Rare African Shoebill Chick


On December 25th, 2009 – for the first time in North America and the fourth time worldwide – a rare African shoebill stork chick hatched in captivity. And now, just a few months old, this healthy hatchling is growing rapidly and shedding light on the behaviors of this threatened avian species.

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source: Homer Dennowitz

Very few African shoebills live in captivity and less than 10,000 remain in the wild. They are large, darkly-hued birds, growing up to four feet tall. African shoebills have wide, colored bills, unwebbed feet and long legs. Although little is known about the species’ relatives and history, these birds share behaviors with herons and characteristics with pelicans.

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source: Robert La Follette

The new African shoebill parents at the Lowry Park Zoo created a nest on the ground alongside a water source. The breeding pair take turns watching over their female hatchling. She was named Binti – which means daughter in Swahili – by the zoo’s aviary team.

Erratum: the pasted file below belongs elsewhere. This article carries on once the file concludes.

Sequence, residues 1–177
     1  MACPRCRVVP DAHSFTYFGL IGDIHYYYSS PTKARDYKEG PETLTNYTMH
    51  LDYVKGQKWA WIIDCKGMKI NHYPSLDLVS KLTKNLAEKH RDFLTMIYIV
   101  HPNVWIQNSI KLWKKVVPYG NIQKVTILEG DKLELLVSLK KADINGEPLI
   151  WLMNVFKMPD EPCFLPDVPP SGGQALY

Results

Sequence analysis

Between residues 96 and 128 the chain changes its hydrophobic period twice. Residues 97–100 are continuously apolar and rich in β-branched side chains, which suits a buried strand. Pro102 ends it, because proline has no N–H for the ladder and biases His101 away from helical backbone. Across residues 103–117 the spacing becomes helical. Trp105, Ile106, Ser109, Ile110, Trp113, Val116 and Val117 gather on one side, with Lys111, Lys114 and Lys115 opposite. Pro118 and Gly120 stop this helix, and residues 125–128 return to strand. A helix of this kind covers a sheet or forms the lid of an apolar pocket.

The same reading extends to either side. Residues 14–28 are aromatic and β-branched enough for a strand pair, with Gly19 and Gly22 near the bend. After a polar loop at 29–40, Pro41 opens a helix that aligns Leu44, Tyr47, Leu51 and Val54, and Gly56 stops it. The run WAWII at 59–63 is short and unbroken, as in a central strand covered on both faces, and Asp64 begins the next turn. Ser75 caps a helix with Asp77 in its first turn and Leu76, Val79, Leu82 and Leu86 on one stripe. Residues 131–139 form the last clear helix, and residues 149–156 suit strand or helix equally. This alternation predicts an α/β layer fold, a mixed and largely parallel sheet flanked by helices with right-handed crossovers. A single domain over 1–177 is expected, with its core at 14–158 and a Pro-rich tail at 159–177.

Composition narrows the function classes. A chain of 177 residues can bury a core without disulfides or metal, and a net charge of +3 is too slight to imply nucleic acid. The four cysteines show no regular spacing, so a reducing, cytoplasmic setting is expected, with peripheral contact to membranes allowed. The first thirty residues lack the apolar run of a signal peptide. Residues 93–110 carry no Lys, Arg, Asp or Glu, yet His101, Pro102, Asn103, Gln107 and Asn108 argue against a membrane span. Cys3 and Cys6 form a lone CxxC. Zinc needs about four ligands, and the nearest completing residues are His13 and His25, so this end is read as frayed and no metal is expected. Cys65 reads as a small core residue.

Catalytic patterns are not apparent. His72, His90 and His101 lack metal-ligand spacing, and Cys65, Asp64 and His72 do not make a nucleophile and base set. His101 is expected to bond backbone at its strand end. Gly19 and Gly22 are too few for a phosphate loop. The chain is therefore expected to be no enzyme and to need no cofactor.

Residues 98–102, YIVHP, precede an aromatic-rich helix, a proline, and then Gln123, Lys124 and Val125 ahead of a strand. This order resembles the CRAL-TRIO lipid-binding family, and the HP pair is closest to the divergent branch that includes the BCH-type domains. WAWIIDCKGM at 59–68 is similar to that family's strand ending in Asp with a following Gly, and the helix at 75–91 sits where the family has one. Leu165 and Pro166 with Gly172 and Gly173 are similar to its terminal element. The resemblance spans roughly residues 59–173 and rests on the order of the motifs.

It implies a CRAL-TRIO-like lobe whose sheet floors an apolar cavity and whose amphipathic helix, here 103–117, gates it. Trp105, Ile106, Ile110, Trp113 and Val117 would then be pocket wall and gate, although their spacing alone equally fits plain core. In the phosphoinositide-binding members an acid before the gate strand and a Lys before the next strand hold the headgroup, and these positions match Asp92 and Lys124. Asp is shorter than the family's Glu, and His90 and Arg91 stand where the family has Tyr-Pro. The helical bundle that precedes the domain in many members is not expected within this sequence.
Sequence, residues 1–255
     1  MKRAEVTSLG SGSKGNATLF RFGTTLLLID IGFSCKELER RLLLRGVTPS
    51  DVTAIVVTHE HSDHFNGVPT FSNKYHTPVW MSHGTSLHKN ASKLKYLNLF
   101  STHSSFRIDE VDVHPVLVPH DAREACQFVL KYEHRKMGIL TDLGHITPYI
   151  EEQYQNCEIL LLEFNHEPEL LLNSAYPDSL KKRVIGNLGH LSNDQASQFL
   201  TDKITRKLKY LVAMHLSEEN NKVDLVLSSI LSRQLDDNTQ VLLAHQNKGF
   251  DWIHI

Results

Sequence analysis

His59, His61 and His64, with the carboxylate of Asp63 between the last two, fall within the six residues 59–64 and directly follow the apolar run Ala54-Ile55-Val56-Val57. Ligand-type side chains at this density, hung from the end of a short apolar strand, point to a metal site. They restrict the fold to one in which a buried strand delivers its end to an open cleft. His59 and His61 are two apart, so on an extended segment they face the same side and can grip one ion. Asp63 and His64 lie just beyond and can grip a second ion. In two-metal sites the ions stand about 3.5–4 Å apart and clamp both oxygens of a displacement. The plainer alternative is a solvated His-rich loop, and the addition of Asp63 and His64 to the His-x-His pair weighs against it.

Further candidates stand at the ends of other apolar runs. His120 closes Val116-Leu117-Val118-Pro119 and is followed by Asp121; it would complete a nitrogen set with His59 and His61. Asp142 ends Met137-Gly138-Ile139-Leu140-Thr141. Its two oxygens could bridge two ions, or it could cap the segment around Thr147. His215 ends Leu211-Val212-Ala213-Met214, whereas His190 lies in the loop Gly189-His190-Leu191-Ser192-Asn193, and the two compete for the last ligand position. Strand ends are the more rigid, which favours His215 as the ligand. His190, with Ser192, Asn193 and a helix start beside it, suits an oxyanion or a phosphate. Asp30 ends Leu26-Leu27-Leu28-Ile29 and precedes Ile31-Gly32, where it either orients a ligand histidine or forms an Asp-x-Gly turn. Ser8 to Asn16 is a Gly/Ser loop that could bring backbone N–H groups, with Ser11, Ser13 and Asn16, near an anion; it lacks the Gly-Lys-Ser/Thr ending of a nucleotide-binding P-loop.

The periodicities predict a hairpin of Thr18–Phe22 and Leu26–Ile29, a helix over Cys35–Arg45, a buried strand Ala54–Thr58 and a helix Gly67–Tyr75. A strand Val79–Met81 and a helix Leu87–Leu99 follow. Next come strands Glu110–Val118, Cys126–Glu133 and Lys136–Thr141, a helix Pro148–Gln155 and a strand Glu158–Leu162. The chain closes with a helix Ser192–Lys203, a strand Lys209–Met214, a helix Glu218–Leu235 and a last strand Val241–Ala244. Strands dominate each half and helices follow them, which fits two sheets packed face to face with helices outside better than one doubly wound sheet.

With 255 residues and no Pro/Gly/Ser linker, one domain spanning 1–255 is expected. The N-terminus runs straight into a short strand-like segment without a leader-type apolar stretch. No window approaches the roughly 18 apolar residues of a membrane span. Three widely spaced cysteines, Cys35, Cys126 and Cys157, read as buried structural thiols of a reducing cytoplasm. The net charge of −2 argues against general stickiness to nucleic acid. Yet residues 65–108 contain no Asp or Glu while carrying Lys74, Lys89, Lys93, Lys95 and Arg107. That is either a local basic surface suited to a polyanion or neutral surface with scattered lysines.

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source: Josh Carabello

African shoebills are generally a silent species, but the bird parents have been observed vocalizing with one another as a form of greeting at the nest. This type of “bill-clattering” features a quickly opening and closing of their beaks. Below is a photograph of Binti at sixty days, showcasing her rapid development.

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 source: Rachel Nelson

The zoo’s director of collections, Dr. Larry Killmar, remarked that the new Shoebill parents are a highly compatible pair, calling them “inseparable” and “attentive to each other and the chick.” There is hope that the happy pair will breed again this year, which offers exciting species conservation possibilities. Below a photograph of Binti at ninety days reveals her swift growth and matured plumes. 

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source: Jodi Kendall

Species research suggests that newborn African shoebill storks live in the nest for about 95-105 days. And while Binti is currently standing and walking, she has yet to spread her wings and soar.

Will the female African shoebill hatchling take flight this week? Many avian aficionados around the world are anxiously waiting to find out!

If you want to see more photographs of the African shoebill stork chick, visit this link.

Like birds? Check out waterfowl photos and information on backyard birding here.